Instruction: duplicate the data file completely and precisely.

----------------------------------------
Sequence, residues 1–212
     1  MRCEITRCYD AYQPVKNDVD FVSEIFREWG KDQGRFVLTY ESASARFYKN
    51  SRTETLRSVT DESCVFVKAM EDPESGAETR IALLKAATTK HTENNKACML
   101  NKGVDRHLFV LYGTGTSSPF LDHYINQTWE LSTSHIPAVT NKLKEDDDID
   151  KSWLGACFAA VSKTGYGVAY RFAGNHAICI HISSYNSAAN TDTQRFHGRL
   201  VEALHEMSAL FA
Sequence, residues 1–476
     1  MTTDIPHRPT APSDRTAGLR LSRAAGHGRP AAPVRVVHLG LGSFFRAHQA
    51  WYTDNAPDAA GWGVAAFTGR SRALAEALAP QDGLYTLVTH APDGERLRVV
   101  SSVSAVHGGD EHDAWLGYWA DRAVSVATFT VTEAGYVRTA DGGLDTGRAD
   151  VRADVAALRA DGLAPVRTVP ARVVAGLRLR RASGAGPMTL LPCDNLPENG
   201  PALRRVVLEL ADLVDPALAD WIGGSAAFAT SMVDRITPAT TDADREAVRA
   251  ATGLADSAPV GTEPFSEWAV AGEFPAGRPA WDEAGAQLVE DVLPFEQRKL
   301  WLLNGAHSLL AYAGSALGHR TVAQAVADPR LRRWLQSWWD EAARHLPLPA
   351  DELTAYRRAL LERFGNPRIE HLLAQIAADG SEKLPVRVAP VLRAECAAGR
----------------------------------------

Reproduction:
Sequence, residues 1–212
     1  MRCEITRCYD AYQPVKNDVD FVSEIFREWG KDQGRFVLTY ESASARFYKN
    51  SRTETLRSVT DESCVFVKAM EDPESGAETR IALLKAATTK HTENNKACML
   101  NKGVDRHLFV LYGTGTSSPF LDHYINQTWE LSTSHIPAVT NKLKEDDDID
   151  KSWLGACFAA VSKTGYGVAY RFAGNHAICI HISSYNSAAN TDTQRFHGRL
   201  VEALHEMSAL FA
Sequence, residues 1–476
     1  MTTDIPHRPT APSDRTAGLR LSRAAGHGRP AAPVRVVHLG LGSFFRAHQA
    51  WYTDNAPDAA GWGVAAFTGR SRALAEALAP QDGLYTLVTH APDGERLRVV
   101  SSVSAVHGGD EHDAWLGYWA DRAVSVATFT VTEAGYVRTA DGGLDTGRAD
   151  VRADVAALRA DGLAPVRTVP ARVVAGLRLR RASGAGPMTL LPCDNLPENG
   201  PALRRVVLEL ADLVDPALAD WIGGSAAFAT SMVDRITPAT TDADREAVRA
   251  ATGLADSAPV GTEPFSEWAV AGEFPAGRPA WDEAGAQLVE DVLPFEQRKL
   301  WLLNGAHSLL AYAGSALGHR TVAQAVADPR LRRWLQSWWD EAARHLPLPA
   351  DELTAYRRAL LERFGNPRIE HLLAQIAADG SEKLPVRVAP VLRAECAAGR